Friday, November 26, 2010

This won't be a comic book ‘Annie'

Published in The News Tribune, Nov. 26, 2010

Kennedy Miller stars as Annie and Chris Gilbert plays Daddy Warbucks in Tacoma Little Theatre’s “Annie.”

I sat in the audience at the first tech rehearsal of “Annie” at Tacoma Little Theatre and enjoyed every minute of it, even the inevitable mishaps that surely will vanish as if they never happened before tonight’s opening.

Before the complete run-through began, they worked on a couple of dance numbers, and I was lucky to get to see them practice my favorite musical number in the show, “Easy Street,” two or three times. It is a saucy, upbeat number with growling horns and comical expressions from Miss Hannigan (Roxanne DeVito), Rooster (Chris Serface) and Rooster’s girlfriend, Lily (Jenifer Rifenbery).

Sitting nearby in the audience was a dapper Oliver Warbucks (Chris Gilbert) in a gray suit and hat. He had wavy brown hair and beard. I had to ask the director, Michael O’Hare, if Gilbert was going to shave his head before opening night. After all, Daddy Warbucks is traditionally bald. He said he had decided not to base the play on the comic strip, which gives them the leeway not to have a bald Warbucks. Instead, he said, Gilbert would cut his hair short and trim his beard – a good decision considering Warbucks is one of the few characters in the play that is not an outsized comic character but a dignified business tycoon with a big heart, accustomed to getting his own way but not lording it over everyone else.

Annie (Kennedy Miller) also wasn’t wearing the traditional curly wig at the rehearsal. I don’t know if she’ll don one tonight, but with or without the wig, she looks the part. She’s small and redheaded, and has a precious smile. Her demeanor is very mature, and she has a full voice that projects well while still having a child-like quality.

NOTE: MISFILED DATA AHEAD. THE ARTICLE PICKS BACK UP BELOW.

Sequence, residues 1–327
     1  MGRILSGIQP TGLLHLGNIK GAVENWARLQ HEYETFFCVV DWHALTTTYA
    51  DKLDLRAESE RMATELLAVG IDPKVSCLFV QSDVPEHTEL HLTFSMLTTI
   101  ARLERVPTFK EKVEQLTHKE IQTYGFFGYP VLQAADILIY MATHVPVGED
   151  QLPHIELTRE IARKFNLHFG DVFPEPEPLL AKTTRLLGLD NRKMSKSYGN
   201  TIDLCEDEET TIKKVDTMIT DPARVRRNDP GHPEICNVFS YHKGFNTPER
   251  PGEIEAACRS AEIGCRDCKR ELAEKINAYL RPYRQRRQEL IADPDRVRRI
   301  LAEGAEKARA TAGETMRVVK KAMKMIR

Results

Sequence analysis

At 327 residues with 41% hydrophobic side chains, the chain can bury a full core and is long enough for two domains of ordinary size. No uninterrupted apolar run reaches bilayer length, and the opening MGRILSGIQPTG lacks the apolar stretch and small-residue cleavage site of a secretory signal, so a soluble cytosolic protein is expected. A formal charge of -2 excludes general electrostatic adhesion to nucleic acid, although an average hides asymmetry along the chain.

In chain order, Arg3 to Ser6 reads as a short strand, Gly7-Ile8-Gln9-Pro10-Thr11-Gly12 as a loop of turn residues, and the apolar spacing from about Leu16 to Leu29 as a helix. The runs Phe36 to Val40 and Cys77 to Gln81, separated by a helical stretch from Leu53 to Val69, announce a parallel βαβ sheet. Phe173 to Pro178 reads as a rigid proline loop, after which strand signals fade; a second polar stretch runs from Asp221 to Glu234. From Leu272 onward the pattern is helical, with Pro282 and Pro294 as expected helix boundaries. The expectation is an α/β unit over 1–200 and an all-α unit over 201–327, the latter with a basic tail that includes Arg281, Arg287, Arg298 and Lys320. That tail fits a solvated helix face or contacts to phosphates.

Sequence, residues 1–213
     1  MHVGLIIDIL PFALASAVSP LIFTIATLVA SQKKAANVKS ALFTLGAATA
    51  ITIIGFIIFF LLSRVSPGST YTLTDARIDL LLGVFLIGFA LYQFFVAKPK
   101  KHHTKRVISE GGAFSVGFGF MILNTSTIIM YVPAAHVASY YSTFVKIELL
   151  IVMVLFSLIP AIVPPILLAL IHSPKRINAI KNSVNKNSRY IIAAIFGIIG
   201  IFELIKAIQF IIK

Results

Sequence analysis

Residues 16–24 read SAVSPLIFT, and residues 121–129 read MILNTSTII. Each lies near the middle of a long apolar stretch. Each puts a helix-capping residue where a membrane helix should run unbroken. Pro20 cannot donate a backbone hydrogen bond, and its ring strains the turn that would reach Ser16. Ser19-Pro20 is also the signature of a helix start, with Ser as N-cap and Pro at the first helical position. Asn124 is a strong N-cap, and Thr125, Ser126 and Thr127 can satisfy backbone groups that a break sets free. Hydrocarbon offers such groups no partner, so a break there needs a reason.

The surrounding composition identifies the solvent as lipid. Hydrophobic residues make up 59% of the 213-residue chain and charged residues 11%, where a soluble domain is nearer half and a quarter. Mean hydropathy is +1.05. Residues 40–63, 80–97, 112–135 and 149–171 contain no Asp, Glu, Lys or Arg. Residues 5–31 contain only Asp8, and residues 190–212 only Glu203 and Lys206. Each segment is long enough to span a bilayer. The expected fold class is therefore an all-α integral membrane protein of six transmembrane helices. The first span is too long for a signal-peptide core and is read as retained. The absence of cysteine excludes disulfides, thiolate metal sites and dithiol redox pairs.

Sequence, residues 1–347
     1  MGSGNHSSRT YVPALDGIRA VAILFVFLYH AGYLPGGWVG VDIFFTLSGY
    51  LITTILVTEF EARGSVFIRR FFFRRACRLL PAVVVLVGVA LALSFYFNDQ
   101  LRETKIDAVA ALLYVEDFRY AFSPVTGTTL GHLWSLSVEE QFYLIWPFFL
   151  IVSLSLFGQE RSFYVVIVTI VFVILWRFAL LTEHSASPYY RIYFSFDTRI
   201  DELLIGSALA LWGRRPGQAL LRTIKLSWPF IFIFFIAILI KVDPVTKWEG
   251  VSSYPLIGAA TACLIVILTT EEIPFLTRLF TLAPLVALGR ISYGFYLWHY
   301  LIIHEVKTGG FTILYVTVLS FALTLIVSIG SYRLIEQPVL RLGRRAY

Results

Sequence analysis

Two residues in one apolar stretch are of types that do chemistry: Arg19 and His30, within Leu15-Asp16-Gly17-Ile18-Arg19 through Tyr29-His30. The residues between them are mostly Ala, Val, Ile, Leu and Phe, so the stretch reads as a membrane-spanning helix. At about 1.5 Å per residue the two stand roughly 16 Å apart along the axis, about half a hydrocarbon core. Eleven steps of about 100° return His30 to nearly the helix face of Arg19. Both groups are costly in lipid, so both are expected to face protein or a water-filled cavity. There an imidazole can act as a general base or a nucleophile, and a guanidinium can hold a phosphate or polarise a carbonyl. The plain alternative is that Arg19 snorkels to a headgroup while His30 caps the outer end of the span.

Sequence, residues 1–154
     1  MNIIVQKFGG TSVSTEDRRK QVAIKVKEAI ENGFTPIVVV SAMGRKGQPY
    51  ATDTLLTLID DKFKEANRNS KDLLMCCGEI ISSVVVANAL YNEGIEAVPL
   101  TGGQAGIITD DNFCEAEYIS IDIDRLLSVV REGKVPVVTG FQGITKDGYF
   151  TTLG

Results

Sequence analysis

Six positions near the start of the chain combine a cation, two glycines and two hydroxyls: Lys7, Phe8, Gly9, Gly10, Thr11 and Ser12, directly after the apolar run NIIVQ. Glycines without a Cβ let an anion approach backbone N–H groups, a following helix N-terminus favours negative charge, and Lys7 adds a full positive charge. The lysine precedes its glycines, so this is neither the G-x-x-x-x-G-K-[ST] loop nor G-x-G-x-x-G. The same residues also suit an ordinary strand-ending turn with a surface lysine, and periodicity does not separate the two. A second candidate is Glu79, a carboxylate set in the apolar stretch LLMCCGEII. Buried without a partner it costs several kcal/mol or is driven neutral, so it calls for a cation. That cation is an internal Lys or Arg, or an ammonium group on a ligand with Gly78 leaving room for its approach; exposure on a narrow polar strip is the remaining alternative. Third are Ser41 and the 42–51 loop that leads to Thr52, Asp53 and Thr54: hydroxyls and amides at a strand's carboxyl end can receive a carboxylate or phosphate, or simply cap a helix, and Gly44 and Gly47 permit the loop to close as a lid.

There is a five-piece orchestra, heavy on the brass, that offers an enjoyable, tinny, speakeasy sound typical of the Great Depression era.

Brett Carr’s set, while not quite complete for the rehearsal, is elaborate yet functional, using a revolve to facilitate the many set changes. I particularly like the sky-blue painting and arch windows on the Warbucks home setting.

There were some problems with lighting, but I could tell it will be unobtrusive and effective by tonight. I thought the back-lighting on Miss Hannigan’s first entrance was especially effective.

DeVito plays Hannigan as brassy and loud. She’s very expressive and has a powerful voice.

Serface provides most of the comic highlights. He’s a veteran of many musicals at Tacoma Musical Playhouse and Capital Playhouse specializing in comical villains and funny voices. He’s terrific as Rooster. This probably is his best performance since “Beauty and the Beast” at TMP.

Rifenbery is delightfully animated and sexy as Rooster’s dumb-blonde girlfriend, Lily. Her dance moves are smooth and catlike, and both she and Serface nail the accents.

Gilbert, who has a buttery baritone voice, plays Warbucks as likeable and empathetic, accentuating the character’s kindness. I don’t know how much of the credit for choosing to play Warbucks in this manner goes to the director and how much to the actor, but it was a good decision.

The ensemble is universally good. Most notably Ernest Heller as President Franklin Roosevelt, Jon Huntsman in various roles including Burt Healy, and Carol Richmond and Lanita Hudson in many different roles. And of course the little girls are charming.

It’s a fairly long play at about two and a half hours plus intermission, but it goes quickly. I like that at this time of year when we’re inundated with Christmas plays, this one, while set at Christmastime, hardly mentions the season. The holiday is secondary to a bigger and very touching story.

When: 7:30 p.m. Fridays and Saturdays and 2 p.m. Sundays through Dec. 24
Where: Tacoma Little Theatre, 210 N “I” St., Tacoma
Tickets: $17-$26; pay what you can Dec. 2; actor benefit Dec. 18
Information: 253-272-2281, www. tacomalittletheatre. com.

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